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Comment: Section 2 of the voting rights act REQUIRES D gerr (Score 2, Interesting) 293

by raymorris (#48478969) Attached to: Mathematicians Study Effects of Gerrymandering On 2012 Election

> If I'm wrong, please do show me this mass D gerrymandering that's going on.... Or did go on.

Section 2 of the Voting Rights Act _requires_ that districts be gerrymandered such that demographic groups which are a _minority_ of the population make up a _majority_ of the voters in those districts. When states fail to gerrymander for democrats ^H^H^H^H^H^H^H^H^H^H black people, the federal government intervenes and forces gerrymandered districts. This is not new.

Comment: Cache and NCQ already this (Score 1) 195

by raymorris (#48475835) Attached to: Consortium Roadmap Shows 100TB Hard Drives Possible By 2025

This cache and especially native command queuing (ncq), the drive ALREADY has to pay attention to the sequence in which operations are carried out. A read requested first, then a write, might already be done in reverse order, requiring a check that the sector read isn't the same one written.

I don't see any reason reading and writing two sectors at a time makes any fundamental difference.

Comment: trillions of bits, why one head per platter? (Score 5, Interesting) 195

by raymorris (#48472441) Attached to: Consortium Roadmap Shows 100TB Hard Drives Possible By 2025

Somewhat off topic, but while we're talking about drives:

We put millions of transistors on a chip. Millions of photodetectors (pixels) in your phone's camera, a million pixels on it's display. Yet our hard drives have ONE sensor that swings back and forth on a mechanical arm?!?! Why the heck isn't the read/write head a strip, with a few thousand "pixels", so it can read any sector as the platter spins beneath it, without swinging the heads back and forth? That would eliminate seek time.

  If needed, you could move the strip back and forth a thousandth of an inch to align a head with one of it's four tracks. That'd be a lot quicker that moving the head a full inch as they do now.

So presumably there is some good reason that can't be done. Still, an additional arm exactly like the existing one, but on the opposite side of the platter, would cut rotational latency in half and increase throughout up to 100%. Seems like an easy win.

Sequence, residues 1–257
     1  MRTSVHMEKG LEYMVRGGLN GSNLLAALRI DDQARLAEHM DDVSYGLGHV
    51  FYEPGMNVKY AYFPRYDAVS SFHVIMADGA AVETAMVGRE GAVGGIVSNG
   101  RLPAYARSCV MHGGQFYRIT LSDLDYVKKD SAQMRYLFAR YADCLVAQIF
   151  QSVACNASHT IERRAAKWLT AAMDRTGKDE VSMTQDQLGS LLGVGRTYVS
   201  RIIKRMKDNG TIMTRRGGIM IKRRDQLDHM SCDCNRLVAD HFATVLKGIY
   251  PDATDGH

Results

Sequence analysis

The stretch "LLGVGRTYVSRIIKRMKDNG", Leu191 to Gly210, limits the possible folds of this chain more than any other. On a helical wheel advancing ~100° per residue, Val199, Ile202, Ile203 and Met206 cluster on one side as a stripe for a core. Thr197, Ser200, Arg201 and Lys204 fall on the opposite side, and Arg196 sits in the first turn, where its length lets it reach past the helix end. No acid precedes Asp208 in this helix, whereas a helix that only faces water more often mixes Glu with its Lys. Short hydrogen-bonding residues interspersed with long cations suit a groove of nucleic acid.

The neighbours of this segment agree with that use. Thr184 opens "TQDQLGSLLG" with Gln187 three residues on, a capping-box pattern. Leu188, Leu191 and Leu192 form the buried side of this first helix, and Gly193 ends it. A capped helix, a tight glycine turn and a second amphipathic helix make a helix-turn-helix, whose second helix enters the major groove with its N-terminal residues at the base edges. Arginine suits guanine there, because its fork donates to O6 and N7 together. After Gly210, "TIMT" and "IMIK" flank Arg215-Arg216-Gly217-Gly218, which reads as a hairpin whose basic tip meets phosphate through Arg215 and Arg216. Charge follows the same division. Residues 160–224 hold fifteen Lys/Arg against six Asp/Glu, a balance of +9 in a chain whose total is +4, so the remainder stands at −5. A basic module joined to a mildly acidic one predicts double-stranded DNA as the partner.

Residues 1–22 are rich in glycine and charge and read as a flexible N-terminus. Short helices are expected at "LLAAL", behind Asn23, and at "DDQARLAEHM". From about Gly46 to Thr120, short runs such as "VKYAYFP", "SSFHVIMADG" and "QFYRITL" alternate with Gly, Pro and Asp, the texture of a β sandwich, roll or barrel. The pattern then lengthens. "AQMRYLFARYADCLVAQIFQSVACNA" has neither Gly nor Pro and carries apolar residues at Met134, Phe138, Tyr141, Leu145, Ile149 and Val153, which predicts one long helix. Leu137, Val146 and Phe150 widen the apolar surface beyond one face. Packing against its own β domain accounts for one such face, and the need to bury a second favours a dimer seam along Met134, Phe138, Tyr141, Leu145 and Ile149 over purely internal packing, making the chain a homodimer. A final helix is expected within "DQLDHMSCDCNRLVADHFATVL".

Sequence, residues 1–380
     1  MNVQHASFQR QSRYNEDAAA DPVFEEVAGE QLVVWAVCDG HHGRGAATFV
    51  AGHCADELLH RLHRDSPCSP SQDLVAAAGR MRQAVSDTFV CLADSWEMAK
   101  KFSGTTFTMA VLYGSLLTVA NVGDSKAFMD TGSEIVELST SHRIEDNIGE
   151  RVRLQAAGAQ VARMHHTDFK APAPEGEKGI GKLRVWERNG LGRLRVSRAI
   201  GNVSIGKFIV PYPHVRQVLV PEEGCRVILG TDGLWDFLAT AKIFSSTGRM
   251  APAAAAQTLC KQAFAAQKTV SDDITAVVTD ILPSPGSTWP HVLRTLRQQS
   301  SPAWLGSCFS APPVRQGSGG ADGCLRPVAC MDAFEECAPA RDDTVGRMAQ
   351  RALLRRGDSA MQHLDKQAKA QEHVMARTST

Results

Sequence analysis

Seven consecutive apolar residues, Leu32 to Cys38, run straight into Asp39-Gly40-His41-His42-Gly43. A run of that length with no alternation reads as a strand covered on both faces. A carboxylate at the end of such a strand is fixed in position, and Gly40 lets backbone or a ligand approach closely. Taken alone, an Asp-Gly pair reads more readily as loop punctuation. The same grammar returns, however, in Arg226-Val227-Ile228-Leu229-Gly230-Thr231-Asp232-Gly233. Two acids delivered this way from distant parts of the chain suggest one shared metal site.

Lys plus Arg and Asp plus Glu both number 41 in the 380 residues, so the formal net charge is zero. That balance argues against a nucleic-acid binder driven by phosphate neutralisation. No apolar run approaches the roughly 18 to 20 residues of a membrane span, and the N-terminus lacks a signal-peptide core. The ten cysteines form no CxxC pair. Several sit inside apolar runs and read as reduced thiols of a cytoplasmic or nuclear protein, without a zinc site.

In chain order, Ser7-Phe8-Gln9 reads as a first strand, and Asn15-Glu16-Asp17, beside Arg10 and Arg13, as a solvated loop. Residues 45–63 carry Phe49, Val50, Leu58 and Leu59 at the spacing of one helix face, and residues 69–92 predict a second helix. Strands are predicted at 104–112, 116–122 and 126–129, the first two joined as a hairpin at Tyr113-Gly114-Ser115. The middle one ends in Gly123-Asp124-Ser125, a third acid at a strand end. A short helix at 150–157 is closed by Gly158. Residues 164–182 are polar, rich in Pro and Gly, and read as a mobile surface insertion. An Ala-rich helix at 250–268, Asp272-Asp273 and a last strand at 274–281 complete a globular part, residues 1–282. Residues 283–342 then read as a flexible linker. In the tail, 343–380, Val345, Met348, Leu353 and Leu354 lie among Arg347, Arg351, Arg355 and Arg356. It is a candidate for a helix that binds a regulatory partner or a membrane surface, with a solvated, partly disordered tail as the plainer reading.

Comment: devil's advocate: bio for 200 people (Score 1) 125

by raymorris (#48472037) Attached to: Ask Slashdot: Best Biometric Authentication System?

Although I tend to agree with the general consensus that RFID or even QR codes would be a simpler way to identify (not authenticate) people, there is one important nuance being missed in all the criticism of biometric.

In the most common use cases for biometrics, you're attempting to distinguish this one person vs the other 5 billion people in the world. That's hard. This particular use case is much simpler - we're judt asking it to distinguish betweenthe 50 or so people who work in this clean room. In other words, we know it's one of these 50 people, which of them is it? That's a much easier question, so high accuracy should be easy to achieve with the right settings.

Comment: yep, crashing traditional RC is expensive, and com (Score 1) 19

by raymorris (#48471145) Attached to: Fly With the Brooklyn Aerodrome (Video)

Indeed, this approach is interesting to me because I had to get out of RC planes due to the cost of crashing, especially while I was first learning to fly. Anything that allows one to recover from a crash with just a few dollars and a few minutes is a win.

This approach reminds me of a popular design that is also inexpensive, but this new design has two advantages. First, it positions the motor and prop in the center, where it is protected from damage. Second, they mount the electrical components on a subassembly board, allowing the entire assembly to be moved to a new body as one unit, thereby saving time.